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When Golf Met Terrorism

This year’s World Amateur Team Championship in Buenos Aires is already historic. It is the first time the event has not only made a return trip to the same country, but also to the same golf course, albeit 38 years later. The first time the world’s best amateurs traveled to Argentina was October of 1972. 

It was an event they would never forget. For it proved to be the only time in history that golf came face to face with terrorism. 

The highly favored Americans that year included Texas sensation Ben Crenshaw, amateur veteran Vinny Giles, Mark Hayes and Martin West. Giles had played on the 1970 Eisenhower Cup team, but for the others, it was a new experience. Crenshaw had never been to South America and was giddy at the prospect of representing his country in an event coordinated by the USGA “to promote unity and goodwill” through golf. 

Unfortunately, those visions of unity and harmony vanished on Tuesday, October 17.

The world was very different then. Henry Kissinger was in Paris that morning negotiating with the North Vietnamese. Judge John J. Sirica was about to place a gag order on the Watergate case. The Friday before, a Uruguayan plane carrying 45 passengers, most of them students and rugby players, crashed in the Andes. The survivors lived for two months by cannibalizing the dead, a story that spawned a best-selling book and blockbuster movie. And five short months before that, Islamic terrorists had stormed the Olympic Village in Munich, Germany, killing 11 Israeli athletes.

Those thoughts couldn’t have been further from the golfers’ minds. The U.S. women’s team of Jane Booth, Laura Baugh and Mary Budke had won the Espirito Santo Cup the previous week, beating strong Argentine and Canadian teams. Mrs. Robert M. Monstead, the non-playing captain, had given the American girls the option of staying over to watch the men, but a week in South America had proven to be more than enough. They voted unanimously to leave.

Crenshaw got back from his practice round that Tuesday in time to give Baugh a moment-too-long congratulatory hug and kiss before the women set out for the airport. Then Crenshaw headed to the fifth floor of the Sheraton Buenos Aires for a shower and little putting practice on the newly installed hotel carpet before dinner.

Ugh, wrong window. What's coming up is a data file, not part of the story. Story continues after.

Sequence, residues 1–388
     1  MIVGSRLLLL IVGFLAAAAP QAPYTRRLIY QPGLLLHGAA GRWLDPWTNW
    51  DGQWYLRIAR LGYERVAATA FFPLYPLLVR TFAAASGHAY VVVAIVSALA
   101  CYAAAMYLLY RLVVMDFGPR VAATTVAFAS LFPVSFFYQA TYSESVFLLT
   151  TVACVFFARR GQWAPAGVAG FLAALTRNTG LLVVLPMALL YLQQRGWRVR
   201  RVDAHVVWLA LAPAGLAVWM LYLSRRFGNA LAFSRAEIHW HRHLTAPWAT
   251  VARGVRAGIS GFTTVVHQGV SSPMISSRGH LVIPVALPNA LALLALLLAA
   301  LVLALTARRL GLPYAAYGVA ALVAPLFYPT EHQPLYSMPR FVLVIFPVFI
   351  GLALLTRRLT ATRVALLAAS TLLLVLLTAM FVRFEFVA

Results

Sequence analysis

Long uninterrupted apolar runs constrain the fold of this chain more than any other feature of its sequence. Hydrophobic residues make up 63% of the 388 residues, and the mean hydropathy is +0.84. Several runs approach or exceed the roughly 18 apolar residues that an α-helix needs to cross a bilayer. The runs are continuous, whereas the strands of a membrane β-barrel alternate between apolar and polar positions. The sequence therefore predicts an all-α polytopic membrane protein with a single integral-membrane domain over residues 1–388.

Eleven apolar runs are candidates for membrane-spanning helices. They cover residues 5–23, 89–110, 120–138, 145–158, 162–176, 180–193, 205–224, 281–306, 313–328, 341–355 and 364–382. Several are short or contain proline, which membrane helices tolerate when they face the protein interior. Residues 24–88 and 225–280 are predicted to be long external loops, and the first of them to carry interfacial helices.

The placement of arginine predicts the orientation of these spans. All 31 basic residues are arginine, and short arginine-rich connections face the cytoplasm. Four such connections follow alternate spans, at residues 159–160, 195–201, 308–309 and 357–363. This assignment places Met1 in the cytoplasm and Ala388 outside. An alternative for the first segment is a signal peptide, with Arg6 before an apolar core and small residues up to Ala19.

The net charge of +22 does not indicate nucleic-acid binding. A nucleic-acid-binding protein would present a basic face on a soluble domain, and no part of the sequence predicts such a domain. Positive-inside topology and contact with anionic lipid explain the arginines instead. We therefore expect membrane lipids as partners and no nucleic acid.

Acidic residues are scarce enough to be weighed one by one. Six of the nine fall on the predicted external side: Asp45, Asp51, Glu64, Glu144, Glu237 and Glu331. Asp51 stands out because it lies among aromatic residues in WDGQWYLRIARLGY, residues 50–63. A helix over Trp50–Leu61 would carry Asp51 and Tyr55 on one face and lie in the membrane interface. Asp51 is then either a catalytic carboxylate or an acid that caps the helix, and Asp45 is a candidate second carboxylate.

The opening ceremonies were scheduled for the following morning, and as defending champions, the Americans would be the center of attention. Giles knew this, so after his practice round he took his wife, Key, into downtown for lunch and a little shopping. Hayes was resting in his room, and West meandered out into the corridor where Crenshaw was flirting with the daughter of a USGA official in between 60-foot putts down the hallway. A couple of floors up, Nick Weslock, of Burlington, Ont., a member of the Canadian team, stood under a hot shower, thinking about the Olivos Golf Club and the bumpy 45-minute bus ride between the Sheraton and the course.

At 4:15 p.m. the calm shattered. The hammer of a cheap alarm clock in room 2204 struck a bell, closing a circuit and detonating a neatly wrapped bundle of dynamite hidden in a canvas bag. The explosion shook buildings a mile away, and the top floor of the Sheraton all but vanished. 

“It shook everything,” Hayes remembered. “I ran to the window and there were mattresses, sheets, towels, wallboard, all sorts of debris falling onto the awning and the circular driveway outside.” 

According to Weslock, “I jumped out of the shower and saw that my rear window was gone.”

West and Crenshaw looked at each other for a second, neither realizing what had happened. “There wasn’t mass hysteria,” West said. “We really didn’t know what had happened. My biggest concern was the roads. They were so windy and narrow that I wasn’t sure the fire trucks and ambulances could get through to the hotel.” 

Hayes ran out into the hallway. As an active-duty Specialist Fourth Class in the U.S. Army, who had been given a week’s leave to play in the event, his training kicked in and he set out to evacuate everyone from the floor. There was only one problem: “We couldn’t get out,” he said. “Obviously, the elevators didn’t work, but the doors to the emergency stairways were locked. We didn’t know what was in store for us.”

Five blocks away, Giles had just walked out of Botticelli Leather Goods where he had spent $16 on a pair of low-cut tasseled loafers.

“At first we didn’t know what it was, but there was smoke and sirens everywhere,” he said. “It was like the whole world was on fire. My most vivid memory is coming back down the hill toward the hotel and seeing a convoy of military trucks cordoning off the area. Soldiers were piling out and prodding people back. We were already getting reports that at least one person was dead and a dozen or more were injured. With executive committee members and wives, we had at least a dozen people down there in addition to the team.”